Engaging Corporations - Some suggestions on how to engage corporations based on stories of network members


Communication Toolbox

Some Guidelines for Effective Communication

  1. It should be complete and accurate.

    The information or message should be free from errors or distortions. An inaccurate message does real harm because it gives official status to an error. Inaccuracy may appear in facts and figures or in the choice of words that comprise a message. Errors in facts and figures are less difficult to detect than errors in the choice of words. A good approach to avoiding errors in meaning is to ask: "Is it possible for this message to be misunderstood?” Do not be satisfied with the formulation of a message until this question can be answered in the negative.

  2. It should be definite.

    Be sure about the messages and information you share. Doubts and indecision are conveyed along with the message. Once doubt enters a message, it quickly spreads alarm among participants in the communication process. This creates tensions and distrust of the sender of the message and thus renders it useless.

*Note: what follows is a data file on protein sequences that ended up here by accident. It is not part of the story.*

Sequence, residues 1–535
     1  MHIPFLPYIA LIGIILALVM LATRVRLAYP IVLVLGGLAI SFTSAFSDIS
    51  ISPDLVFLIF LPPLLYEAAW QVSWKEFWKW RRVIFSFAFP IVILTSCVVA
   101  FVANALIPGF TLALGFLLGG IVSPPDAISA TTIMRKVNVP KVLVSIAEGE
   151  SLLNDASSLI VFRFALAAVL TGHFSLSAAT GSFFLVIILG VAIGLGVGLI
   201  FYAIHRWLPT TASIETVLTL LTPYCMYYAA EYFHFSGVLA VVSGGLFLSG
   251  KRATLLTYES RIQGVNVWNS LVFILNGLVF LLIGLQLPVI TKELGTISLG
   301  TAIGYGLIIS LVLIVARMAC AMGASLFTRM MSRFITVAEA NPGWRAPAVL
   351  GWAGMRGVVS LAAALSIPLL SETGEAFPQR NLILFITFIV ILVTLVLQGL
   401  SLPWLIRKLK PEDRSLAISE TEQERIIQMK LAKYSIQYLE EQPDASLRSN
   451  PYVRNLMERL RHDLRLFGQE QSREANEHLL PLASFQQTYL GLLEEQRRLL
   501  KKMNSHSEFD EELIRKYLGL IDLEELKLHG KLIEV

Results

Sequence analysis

3. It should be forceful.

    In addition to being accurate and definitive, a message must carry conviction. Without conviction a message will be understood and carried out in a mechanical manner, but a forceful message is cornerstone for enthusiasm. It injects vigor and serves to eradicate any lingering uneasiness brought by new ideas or approaches to current practice.

  4. It should be suitable and appropriate.

    A message which outrages accepted social practice may get an idea across, but in so doing may create resentments. This defeats the purpose of message. Suitability does not only pertain to the content of the message but also has something to do with the manner by which is shared, i.e., language, tone of voice, body language, etc.

  5. It should be simple.

    People will invest time and effort in understanding a message only if the message is important to them. An individual may spend hours trying to understand the benefits s/he will derive directly from a project/activity/concern but will not spend a minute looking into its negative effects. A good rule to follow is to present one idea at a time. As much as possible, use examples. It has been proven that message length is less of a stumbling block than any difficulty understanding it.

  6. It should not contain hidden meanings.

    A message may have one meaning under certain circumstances and another meaning under different circumstances. There may be a "hidden agenda” sugar coated with niceties or promises.